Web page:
Senate by phonebook? One Conservative thinks so

John Williamson
Prime Minister Stephen Harper welcomes MP John Williamson at the start of caucus meetings in Ottawa, Wednesday June 1, 2011. THE CANADIAN PRESS/Adrian Wyld. Adrian Wyld / THE CANADIAN PRESS

It’s a refrain we will likely hear from Conservatives in the months to come: even the NDP is better than this.

With Trudeau’s bombshell announcement Wednesday that he had kicked 32 Liberal senators out of caucus, one Conservative backbencher says the Liberal leader’s plan for the upper chamber is worse than picking “names at random from the phonebook.”

John Williamson, an outspoken MP from New Brunswick who has proposed a private member’s bill that would strip convicted MPs and senators of their pensions, said Trudeau’s proposal to have a non-partisan committee appoint Senators is a mere public relations strategy. (And he would know; he’s Prime Minister Stephen Harper’s former director of communications.)

“Given a choice between abolition and rule-by-experts, I’d side with the NDP,” says Williamson.

Here are some of Williamson’s thoughts, expressed in an email this morning:

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I’m not impressed by the change because the way to make the Senate accountable and useful is to elect it.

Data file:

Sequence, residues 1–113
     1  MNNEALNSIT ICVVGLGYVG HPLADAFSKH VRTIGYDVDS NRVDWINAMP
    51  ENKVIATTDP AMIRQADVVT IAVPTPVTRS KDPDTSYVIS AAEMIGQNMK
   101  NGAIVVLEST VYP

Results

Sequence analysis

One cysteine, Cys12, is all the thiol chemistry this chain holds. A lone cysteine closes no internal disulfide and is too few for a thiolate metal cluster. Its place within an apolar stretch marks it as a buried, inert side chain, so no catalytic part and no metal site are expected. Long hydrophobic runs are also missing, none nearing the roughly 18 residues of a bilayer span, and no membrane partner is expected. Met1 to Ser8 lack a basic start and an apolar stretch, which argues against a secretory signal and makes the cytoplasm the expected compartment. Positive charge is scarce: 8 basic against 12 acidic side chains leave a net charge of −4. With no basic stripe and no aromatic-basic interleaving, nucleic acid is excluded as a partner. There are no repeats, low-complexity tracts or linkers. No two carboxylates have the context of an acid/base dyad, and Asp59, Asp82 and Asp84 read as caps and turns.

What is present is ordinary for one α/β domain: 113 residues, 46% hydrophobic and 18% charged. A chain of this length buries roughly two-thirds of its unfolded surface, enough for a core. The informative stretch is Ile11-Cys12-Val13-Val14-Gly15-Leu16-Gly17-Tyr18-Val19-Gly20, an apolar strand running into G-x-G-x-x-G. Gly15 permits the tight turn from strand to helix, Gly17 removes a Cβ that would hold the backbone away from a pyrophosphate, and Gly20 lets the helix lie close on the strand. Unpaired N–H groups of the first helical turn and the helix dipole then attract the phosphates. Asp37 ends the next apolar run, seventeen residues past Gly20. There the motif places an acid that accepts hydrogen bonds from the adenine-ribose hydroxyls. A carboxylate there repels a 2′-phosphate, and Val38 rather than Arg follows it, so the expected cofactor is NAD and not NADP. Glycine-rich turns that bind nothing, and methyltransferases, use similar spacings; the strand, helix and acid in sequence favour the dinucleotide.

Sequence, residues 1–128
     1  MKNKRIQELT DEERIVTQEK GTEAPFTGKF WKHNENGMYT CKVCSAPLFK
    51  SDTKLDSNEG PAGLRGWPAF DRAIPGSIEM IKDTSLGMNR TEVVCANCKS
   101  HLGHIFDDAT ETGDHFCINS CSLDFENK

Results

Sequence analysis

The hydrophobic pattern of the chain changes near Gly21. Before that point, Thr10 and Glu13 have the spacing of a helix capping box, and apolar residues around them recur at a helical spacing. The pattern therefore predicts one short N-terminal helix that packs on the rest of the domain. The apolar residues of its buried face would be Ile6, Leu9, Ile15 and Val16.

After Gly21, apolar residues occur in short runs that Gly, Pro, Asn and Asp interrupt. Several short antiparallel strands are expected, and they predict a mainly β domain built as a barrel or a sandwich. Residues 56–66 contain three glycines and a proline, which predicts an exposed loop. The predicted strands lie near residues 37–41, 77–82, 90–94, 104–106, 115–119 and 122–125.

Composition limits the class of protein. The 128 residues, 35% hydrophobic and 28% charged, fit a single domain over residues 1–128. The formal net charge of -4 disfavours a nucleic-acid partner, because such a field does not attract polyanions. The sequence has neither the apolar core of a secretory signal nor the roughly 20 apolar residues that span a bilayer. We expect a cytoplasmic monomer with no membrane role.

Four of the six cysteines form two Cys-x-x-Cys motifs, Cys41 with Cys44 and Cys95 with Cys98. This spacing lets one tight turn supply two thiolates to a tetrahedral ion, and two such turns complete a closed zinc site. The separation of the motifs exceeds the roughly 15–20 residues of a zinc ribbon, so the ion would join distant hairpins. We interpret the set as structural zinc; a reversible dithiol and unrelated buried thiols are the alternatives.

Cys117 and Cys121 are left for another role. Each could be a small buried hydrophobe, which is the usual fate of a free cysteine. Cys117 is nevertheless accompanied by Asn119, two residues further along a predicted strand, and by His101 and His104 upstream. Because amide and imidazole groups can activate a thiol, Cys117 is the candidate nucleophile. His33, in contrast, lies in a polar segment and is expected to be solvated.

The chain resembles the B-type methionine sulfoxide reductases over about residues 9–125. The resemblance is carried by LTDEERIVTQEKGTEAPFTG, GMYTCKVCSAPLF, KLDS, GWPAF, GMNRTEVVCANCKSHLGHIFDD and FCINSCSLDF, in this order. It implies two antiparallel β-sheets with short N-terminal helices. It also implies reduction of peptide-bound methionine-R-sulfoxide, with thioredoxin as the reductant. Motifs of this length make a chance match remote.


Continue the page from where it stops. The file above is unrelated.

The Liberal scheme will not improve the Upper House and would, in fact, make it worse if unelected individuals, named through an Order-of-Canada-like process, believe they have legitimacy and suddenly exercised the great powers our Constitution gives Senators. We would have a situation where an unelected and unaccountable body blocks legislation from the democratically elected House of Commons. 

I find it most disappointing that Mr. Trudeau is willing to accept a recommendation from a group of so-called experts, but not directly from voters.  He claims we are engaging in ugly populism by going to the people to fill Senate seats. 

His approach offers Canadians government by elites and intellectuals without elections. 

Indeed, I would prefer and believe it would be more representative to pick names at random from the phonebook to sit in the Senate rather than rely on unelected officials deciding the membership of an unelected Senate. His plan will generate good (public relations) because it appears to offer change, but it will ultimately maintain the Senate as an unelected body with no legitimacy.

Given a choice between abolition and rule-by-experts, I’d side with the NDP.  Of course, my long preference is election to maintain the Senate as a regional and legitimate check on the House.

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